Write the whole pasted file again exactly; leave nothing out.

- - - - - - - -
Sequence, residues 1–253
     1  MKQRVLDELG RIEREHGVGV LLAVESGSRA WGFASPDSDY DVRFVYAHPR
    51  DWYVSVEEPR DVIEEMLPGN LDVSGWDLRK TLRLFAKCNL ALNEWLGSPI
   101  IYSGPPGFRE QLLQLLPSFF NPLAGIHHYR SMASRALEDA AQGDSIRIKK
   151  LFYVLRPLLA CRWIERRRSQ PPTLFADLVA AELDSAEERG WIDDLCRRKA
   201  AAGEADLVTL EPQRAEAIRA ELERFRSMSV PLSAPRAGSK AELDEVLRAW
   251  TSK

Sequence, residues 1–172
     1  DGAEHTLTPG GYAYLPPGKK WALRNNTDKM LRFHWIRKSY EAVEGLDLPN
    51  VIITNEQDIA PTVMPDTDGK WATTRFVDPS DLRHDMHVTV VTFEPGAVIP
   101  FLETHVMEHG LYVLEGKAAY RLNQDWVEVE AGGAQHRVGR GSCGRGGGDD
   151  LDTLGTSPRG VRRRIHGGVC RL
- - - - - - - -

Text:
Sequence, residues 1–253
     1  MKQRVLDELG RIEREHGVGV LLAVESGSRA WGFASPDSDY DVRFVYAHPR
    51  DWYVSVEEPR DVIEEMLPGN LDVSGWDLRK TLRLFAKCNL ALNEWLGSPI
   101  IYSGPPGFRE QLLQLLPSFF NPLAGIHHYR SMASRALEDA AQGDSIRIKK
   151  LFYVLRPLLA CRWIERRRSQ PPTLFADLVA AELDSAEERG WIDDLCRRKA
   201  AAGEADLVTL EPQRAEAIRA ELERFRSMSV PLSAPRAGSK AELDEVLRAW
   251  TSK

Sequence, residues 1–172
     1  DGAEHTLTPG GYAYLPPGKK WALRNNTDKM LRFHWIRKSY EAVEGLDLPN
    51  VIITNEQDIA PTVMPDTDGK WATTRFVDPS DLRHDMHVTV VTFEPGAVIP
   101  FLETHVMEHG LYVLEGKAAY RLNQDWVEVE AGGAQHRVGR GSCGRGGGDD
   151  LDTLGTSPRG VRRRIHGGVC RL